She'd resist shopping long enough for Broadway shows
She tried to lure fashion giants to the Tampa Bay area.
By STEPHANIE HAYES, Times Staff Writer
Published September 12, 2007
Anne Tomlin loved to shop at high end stores so much that when she moved from New York to Clearwater, she wrote letters to Lord and Taylor and Bergdorf Goodman suggesting they were missing a viable market in Tampa Bay.
CLEARWATER - The bustle of big cities just clicked with Anne Tomlin.
She shopped constantly at sophisticated New York City stores, stocking her closet with pursues, shoes and clothes. She attended three Broadway plays each year. And on trips to Atlantic City, she eschewed gambling to spend time in shops.
When she retired and moved to Clearwater in the mid 1990s, something disturbed her: the lack of fashion.
So Anne Tomlin wrote to the corporate offices of Lord and Taylor and Bergdorf Goodman. They were missing a boatload of business in the area, she told them.
"They actually wrote back," said her husband, Paul Tomlin. "That was just her personality."
Anne died Saturday at age 70 after four years with ovarian cancer.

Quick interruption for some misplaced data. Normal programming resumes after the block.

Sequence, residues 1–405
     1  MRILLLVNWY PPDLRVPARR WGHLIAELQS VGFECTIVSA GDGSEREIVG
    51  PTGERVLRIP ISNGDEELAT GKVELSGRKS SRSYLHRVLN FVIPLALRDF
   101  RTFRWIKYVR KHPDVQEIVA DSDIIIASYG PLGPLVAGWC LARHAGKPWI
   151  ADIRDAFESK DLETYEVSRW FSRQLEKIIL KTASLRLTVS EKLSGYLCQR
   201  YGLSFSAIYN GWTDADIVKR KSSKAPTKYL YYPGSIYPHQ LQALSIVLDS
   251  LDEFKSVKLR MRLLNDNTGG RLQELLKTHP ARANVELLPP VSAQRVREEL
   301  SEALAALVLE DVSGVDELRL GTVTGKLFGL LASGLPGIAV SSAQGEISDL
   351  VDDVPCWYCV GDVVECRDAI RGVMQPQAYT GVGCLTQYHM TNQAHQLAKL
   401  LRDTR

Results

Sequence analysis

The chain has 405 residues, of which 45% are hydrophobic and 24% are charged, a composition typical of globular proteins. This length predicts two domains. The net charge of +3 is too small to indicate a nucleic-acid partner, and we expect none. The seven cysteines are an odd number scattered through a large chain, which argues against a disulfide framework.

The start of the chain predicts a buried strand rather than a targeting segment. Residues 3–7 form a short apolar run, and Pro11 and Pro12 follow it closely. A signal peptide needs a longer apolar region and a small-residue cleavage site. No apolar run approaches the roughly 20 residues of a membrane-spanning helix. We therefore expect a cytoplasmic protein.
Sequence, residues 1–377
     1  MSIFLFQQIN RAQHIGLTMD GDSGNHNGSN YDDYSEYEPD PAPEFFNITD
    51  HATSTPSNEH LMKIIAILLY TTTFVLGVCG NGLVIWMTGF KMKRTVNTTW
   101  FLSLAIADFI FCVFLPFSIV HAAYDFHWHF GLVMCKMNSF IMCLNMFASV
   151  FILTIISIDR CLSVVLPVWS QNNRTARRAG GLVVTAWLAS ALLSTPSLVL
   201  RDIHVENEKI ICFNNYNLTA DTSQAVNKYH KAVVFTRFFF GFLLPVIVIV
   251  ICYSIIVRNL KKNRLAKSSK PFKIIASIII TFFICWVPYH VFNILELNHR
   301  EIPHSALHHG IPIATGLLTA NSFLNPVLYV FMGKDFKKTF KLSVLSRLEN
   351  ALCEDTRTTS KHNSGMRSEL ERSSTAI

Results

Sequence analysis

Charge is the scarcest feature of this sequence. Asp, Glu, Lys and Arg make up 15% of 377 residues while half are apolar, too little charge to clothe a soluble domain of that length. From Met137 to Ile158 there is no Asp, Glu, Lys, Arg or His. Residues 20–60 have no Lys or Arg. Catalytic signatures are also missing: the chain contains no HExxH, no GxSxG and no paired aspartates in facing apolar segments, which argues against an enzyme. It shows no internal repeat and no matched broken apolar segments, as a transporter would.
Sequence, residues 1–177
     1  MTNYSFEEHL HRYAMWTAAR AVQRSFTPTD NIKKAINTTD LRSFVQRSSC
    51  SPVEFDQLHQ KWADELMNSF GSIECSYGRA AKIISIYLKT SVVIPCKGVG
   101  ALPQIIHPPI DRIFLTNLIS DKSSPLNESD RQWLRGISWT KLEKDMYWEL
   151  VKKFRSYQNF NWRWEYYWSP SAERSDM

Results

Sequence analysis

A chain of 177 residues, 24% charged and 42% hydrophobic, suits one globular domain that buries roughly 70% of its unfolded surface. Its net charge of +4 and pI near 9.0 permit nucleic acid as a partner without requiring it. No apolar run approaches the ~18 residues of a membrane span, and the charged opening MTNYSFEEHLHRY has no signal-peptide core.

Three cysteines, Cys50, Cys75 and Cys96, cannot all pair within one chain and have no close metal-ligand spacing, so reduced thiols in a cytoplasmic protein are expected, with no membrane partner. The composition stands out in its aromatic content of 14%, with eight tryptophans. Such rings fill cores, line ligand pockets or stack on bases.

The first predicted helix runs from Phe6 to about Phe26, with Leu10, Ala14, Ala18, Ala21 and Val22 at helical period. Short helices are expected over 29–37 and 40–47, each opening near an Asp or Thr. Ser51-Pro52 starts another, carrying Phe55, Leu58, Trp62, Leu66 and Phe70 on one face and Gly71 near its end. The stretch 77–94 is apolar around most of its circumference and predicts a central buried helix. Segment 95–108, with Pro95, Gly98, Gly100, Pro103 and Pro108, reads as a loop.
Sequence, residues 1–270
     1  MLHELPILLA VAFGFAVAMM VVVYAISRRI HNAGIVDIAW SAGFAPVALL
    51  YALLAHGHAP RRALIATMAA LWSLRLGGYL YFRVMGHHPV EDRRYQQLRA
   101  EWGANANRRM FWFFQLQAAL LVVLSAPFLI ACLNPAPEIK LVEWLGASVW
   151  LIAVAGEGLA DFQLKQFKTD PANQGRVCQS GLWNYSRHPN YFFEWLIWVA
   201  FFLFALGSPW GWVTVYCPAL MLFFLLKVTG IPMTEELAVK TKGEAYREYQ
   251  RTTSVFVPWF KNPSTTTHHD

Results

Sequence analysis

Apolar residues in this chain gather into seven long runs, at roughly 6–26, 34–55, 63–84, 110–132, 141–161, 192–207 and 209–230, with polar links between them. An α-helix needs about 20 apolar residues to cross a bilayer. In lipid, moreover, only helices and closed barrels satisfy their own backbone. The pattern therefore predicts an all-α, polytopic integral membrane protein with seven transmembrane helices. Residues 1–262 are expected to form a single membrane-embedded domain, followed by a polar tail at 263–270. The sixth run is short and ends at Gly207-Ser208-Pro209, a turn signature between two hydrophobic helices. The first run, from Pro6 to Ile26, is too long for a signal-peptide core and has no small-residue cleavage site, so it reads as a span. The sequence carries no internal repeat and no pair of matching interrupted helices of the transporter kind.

She grew up in Virginia and earned a master's degree from Gallaudet University, a Washington, D.C., college that specializes in education for the deaf.
Anne wasn't deaf, but she hungered to learn new and interesting things. She would tease Paul by speaking quickly in sign language, which he never learned.
She taught kindergarten at the New York School for the Deaf, and later taught in public schools. Eventually, the couple and their son, Brent, moved to the New York suburbs. Anne was fine with the move, Paul said - there were good shopping districts nearby.
Life wasn't perfect. Brent, their only child, was diabetic. He died at age 24.
"We were both devastated," Paul said. "We took it one day at a time. She was stronger than I was."
That year, they moved to Clearwater for a fresh start. Anne joined the local chapter of the Democratic Women's Club. She hosted Christmas and New Year's parties and dined out in Tampa at the Palm and P.F. Chang's.
A loyal sports fan, she traveled to Atlanta to see the summer Olympics. She volunteered for the Special Olympics, and in 2001, hosted carnival games for children outside Raymond James Stadium before the Super Bowl.
"She was the person who couldn't sit down and stay in the house," Paul said. "She was constantly on the go."
It didn't mean she was impatient. Four years ago, she landed season tickets to the Washington Redskins, her favorite team. She was overjoyed.
She had been on the waiting list for 30 years.
Stephanie Hayes can be reached at email@example.com or 727 893-8857.
Born: Sept. 6, 1937.
Died: Sept. 8, 2007.
Survivors: husband, Paul, mother, Beatrice Ritchie. Predeceased by a son, Brent.
Services: 3 p.m. Sept. 22, Peace Memorial Presbyterian Church in Clearwater. Donations to the Ovarian Cancer National Institute and the Juvenile Diabetes Foundation. Sylvan Abbey Funeral Home.
[Last modified September 11, 2007, 22:38:29]
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